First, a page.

Students to get £500 Covid-19 payments
Students in Northern Ireland are to receive a £500 payment to reflect the disruption to studies caused by the pandemic.
All students from the UK or EU currently enrolled on a full-time higher education course in the north will receive the one-off discretionary payment.
An estimated 39,900 students will be eligible.
Overseas students from outside the EU are not eligible.
The scheme will cost £22 million.
The initiative is part of a wider financial support package of almost £38 million for higher education signed off by the Stormont Executive today.
Ministers had already approved £10.4 million of this spend on Tuesday.
Economy Minister Diane Dodds, who has responsibility for higher education, said: "I am acutely aware that students in local higher education institutions have experienced significant disruption since the onset of the pandemic and that this continues to have an impact.
"I am pleased to confirm that I have secured £22 million from the Executive to fund a one-off discretionary payment of £500 to all students from the UK and EU who are in full-time higher education in Northern Ireland, whether that is in a university or further education college setting."
The minister said the Covid Disruption Payments will be issued to students by the end of March.
The support package also includes:
- £8.5 million to address student financial hardship, digital poverty, and to support student unions with mental health provision;
- £4.1 million for the provision of a safe working, learning and research environment; and
- £3.1 million to compensate universities for lost income arising from rental pauses and releasing students from accommodation contracts.
Ms Dodds said: "These additional resources will help universities target financial support at those students who are most in need.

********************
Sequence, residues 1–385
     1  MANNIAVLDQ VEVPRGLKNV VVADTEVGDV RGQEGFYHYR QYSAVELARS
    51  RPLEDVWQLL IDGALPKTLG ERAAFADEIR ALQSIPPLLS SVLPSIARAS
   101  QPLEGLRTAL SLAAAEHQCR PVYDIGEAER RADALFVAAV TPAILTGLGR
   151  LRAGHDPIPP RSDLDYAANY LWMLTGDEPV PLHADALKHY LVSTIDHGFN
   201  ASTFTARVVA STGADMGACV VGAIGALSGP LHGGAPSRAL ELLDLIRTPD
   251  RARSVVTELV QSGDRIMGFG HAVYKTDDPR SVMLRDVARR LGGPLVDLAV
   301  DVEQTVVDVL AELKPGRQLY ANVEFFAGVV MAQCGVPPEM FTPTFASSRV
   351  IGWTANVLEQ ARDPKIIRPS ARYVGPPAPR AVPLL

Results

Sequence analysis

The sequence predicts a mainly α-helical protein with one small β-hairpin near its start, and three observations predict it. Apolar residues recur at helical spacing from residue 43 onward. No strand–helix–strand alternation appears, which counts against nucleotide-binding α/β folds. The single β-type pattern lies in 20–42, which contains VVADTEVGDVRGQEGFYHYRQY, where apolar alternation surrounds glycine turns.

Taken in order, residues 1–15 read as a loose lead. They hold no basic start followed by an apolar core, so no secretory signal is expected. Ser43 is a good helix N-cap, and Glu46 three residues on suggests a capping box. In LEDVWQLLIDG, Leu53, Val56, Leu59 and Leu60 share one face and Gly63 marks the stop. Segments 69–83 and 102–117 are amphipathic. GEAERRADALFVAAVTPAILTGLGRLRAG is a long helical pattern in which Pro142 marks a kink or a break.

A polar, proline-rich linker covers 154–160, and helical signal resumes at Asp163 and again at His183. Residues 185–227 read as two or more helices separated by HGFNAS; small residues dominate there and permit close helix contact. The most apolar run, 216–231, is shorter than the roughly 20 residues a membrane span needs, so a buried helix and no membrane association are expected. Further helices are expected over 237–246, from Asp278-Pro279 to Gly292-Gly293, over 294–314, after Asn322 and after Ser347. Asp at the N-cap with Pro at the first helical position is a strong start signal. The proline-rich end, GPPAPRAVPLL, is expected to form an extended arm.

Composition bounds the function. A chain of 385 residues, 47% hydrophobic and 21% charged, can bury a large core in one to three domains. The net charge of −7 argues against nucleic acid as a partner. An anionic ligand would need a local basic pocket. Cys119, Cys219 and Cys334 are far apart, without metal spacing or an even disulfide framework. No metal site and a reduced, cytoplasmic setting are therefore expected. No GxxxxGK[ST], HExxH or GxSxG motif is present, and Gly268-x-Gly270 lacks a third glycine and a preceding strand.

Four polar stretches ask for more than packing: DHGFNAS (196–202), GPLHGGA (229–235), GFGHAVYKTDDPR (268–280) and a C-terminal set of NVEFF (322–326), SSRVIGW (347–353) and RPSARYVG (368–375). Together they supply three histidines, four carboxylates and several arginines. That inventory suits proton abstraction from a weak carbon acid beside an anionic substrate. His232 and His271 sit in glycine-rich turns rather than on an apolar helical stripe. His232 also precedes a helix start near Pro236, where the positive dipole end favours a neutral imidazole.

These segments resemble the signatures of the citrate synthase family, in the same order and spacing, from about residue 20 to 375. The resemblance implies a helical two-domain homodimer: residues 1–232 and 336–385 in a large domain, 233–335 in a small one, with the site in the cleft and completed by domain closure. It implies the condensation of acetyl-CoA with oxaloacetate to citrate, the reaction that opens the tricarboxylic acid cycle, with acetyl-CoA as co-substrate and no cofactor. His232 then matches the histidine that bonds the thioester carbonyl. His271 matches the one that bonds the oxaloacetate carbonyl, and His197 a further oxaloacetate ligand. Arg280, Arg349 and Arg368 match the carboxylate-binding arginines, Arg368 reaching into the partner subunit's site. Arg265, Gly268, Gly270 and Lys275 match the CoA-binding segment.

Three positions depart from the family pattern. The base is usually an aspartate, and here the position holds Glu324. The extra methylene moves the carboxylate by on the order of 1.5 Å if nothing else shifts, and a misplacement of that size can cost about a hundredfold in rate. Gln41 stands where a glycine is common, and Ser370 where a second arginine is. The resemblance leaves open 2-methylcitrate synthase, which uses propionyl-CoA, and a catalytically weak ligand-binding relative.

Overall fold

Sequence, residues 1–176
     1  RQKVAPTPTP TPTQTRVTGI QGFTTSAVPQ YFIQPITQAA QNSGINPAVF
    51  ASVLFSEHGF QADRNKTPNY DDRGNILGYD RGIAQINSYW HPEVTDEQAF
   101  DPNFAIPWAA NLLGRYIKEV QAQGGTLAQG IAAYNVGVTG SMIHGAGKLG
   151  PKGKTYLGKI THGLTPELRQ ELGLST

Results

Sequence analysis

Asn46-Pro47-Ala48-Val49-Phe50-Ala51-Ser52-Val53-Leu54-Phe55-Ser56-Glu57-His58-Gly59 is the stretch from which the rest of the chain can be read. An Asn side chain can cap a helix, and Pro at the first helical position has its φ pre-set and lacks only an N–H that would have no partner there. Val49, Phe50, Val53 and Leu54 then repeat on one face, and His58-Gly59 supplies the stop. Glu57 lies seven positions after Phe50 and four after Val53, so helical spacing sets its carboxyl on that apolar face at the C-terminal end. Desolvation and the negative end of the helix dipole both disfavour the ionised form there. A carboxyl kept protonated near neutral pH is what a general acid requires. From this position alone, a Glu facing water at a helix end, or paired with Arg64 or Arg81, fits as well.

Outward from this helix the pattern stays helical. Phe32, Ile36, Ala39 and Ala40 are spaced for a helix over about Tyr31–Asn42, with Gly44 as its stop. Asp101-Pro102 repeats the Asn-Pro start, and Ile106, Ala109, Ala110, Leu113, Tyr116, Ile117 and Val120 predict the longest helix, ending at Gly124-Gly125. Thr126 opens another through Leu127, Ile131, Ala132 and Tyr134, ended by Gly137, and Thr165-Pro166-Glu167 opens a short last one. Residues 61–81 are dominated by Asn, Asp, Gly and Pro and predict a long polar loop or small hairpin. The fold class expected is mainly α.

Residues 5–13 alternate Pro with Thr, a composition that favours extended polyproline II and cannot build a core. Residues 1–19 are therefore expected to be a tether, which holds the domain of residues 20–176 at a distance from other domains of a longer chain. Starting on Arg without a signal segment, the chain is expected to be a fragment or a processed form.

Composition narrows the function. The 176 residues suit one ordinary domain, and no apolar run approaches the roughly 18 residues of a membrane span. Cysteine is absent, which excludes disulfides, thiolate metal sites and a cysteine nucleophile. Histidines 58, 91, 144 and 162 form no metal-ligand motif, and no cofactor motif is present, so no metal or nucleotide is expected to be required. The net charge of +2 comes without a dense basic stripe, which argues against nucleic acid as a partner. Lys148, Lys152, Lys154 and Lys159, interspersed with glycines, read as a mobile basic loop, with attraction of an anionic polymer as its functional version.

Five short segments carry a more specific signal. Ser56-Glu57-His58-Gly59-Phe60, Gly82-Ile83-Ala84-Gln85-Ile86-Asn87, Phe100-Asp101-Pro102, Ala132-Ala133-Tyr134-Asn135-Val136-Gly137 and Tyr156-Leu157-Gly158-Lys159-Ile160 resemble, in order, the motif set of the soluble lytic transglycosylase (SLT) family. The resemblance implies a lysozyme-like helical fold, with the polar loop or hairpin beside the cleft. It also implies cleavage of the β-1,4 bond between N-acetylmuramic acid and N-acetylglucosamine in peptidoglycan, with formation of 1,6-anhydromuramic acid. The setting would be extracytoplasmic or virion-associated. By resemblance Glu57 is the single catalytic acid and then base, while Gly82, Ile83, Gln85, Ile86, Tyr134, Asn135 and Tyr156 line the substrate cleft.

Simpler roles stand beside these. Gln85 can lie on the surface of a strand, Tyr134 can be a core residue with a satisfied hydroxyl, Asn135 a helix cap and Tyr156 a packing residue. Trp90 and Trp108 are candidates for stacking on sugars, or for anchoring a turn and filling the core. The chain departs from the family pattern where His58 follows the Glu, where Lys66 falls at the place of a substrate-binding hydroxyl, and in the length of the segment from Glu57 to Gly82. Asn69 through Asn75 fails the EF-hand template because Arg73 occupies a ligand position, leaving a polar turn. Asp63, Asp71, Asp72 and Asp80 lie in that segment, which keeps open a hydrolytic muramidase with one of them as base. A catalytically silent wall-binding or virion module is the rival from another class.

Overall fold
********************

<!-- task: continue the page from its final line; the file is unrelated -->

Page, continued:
"Many students do not have adequate access to devices or the connectivity they need in order to participate in online learning. Digital poverty must not be a barrier to learning and this additional support will help address that.
"Also included in this package is funding specifically for student unions to help them increase the mental health and wellbeing support they provide to students.
"Furthermore, the institutions will receive funding to help them carry out modifications and invest in PPE and other equipment to ensure they can deliver teaching and learning in a Covid-compliant way."
The minister added: "I have listened to the many concerns raised with me by students, their representative bodies, family members, educators and institutions, and will continue to do all I can to help them regain the learning experience they deserve.
"Students who are in immediate need of financial support should contact their institutions to discuss their options."
Queen's University and Ulster University welcomed the intervention.
Queen's University Belfast president and vice-chancellor Professor Ian Greer said: "We particularly appreciate and will prioritise the allocation of targeted government funding for those students in most need.
"Queen's will use its best endeavours to ensure this reaches students as quickly as possible, especially those from disadvantaged backgrounds, those experiencing mental health difficulties, and those who do not have reliable access to digital technology that facilitates remote learning."
Professor Paul Bartholomew, vice-chancellor, Ulster University, said: "We understand that student life during a pandemic can be an anxious time and are committed to supporting our students academically and personally.
"Our student wellbeing team is on hand to help, with all services available online, including financial support.
"We will work closely with the department to distribute these additional funds to our students as soon as possible."